• Use a dehumidifier if the air conditioner doesn't do the trick. Clean it regularly.
  • Clean under sinks, behind toilets, in corners of the shower and in other areas that stay moist.
  • Soak bath mats and shower curtains in bleach solution if necessary.
  • Don't have carpets in the bathroom. Wash any throw rugs or mats often.
  • Hang wet mats, towels and robes to dry, and wash them often.
  • Avoid or minimize houseplants. Mold can grow in the soil.
  • Use bleach. A cleaning solution of 10-to-1 water and bleach works well. If you can see mold, try five parts water to one part bleach. Open the window while using bleach if the fumes bother you.
  • Avoid harsh chemical cleansers, because they may trigger allergies.
  • Wash dirty clothes and other damp or food-stained items promptly.

Unfortunately, a common allergen source may be warm and cuddly. Read on to learn more.

2: Pet Dander

This adorable puppy may be the reason you're coughing and wheezing all over the place.
This adorable puppy may be the reason you're coughing and wheezing all over the place.
Larry Grant/Getty Images

Animal dander -- small flakes of skin -- is one of the most common and powerful allergens known to man. People may also be allergic to fur and feathers, as well as animal saliva or urine. Dogs, cats, hamsters, gerbils, guinea pigs, rabbits, rats and birds are common sources of dander. Getting a shorthaired cat or dog doesn't necessarily help, because dander is simply dead skin cells. Sometimes, the pet dander isn't the problem, but rather the pollen or mold spores the pet brings into the house from outdoors.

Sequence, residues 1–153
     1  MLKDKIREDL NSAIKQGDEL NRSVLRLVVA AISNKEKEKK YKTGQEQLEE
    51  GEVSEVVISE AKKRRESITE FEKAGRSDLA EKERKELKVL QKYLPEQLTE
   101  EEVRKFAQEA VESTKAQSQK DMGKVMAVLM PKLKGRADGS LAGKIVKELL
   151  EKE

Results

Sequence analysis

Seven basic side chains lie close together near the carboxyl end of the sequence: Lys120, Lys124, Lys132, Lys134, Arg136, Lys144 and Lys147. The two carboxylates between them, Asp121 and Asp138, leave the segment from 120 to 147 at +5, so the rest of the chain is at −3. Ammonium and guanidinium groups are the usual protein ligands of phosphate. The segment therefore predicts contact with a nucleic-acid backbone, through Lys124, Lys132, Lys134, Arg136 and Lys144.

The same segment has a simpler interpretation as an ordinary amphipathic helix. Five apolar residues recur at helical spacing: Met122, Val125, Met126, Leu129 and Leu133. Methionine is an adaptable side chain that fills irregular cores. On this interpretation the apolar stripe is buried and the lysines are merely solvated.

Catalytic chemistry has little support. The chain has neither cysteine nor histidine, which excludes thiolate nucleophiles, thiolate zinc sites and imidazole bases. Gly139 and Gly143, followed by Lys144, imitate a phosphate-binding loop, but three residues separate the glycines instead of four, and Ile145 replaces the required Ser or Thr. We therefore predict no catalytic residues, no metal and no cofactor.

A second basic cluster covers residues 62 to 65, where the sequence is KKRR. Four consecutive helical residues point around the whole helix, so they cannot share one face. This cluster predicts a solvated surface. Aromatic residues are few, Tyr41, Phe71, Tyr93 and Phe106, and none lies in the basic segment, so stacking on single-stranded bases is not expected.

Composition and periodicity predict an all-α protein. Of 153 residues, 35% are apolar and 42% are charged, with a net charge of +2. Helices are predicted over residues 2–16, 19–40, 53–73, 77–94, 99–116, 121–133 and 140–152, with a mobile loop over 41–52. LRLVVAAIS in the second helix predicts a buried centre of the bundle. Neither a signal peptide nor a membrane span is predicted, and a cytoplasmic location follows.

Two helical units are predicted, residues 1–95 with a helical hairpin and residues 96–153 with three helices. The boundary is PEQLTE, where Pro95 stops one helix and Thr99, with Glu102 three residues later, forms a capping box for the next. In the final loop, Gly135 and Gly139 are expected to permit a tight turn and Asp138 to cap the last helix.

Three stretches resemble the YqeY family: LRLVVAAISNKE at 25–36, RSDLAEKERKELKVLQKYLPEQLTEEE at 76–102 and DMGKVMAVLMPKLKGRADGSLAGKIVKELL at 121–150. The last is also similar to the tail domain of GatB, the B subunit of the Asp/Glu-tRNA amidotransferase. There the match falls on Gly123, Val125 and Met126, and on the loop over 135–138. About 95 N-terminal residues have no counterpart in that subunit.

The simplest way to deal with pet allergies is to have no pets. If you must, however, other measures can help:


  • Don't let the pet on the furniture.
  • Don't let the pet sleep with the allergic person or even go into the bedroom.
  • Avoid upholstered furniture. Use leather or something else, instead.
  • Avoid carpets. Wash any throw rugs frequently.
  • Have someone who's not allergic bathe and groom the pet weekly.
  • Have someone who's not allergic clean the pet's bed and litter box often.
  • Vacuum frequently with a machine that has an HEPA (high-efficiency particulate air) filter. Consider HEPA air filters for the home.

Want to know the worst culprit that's likely living under your nose -- and giving your nose fits? Keep reading.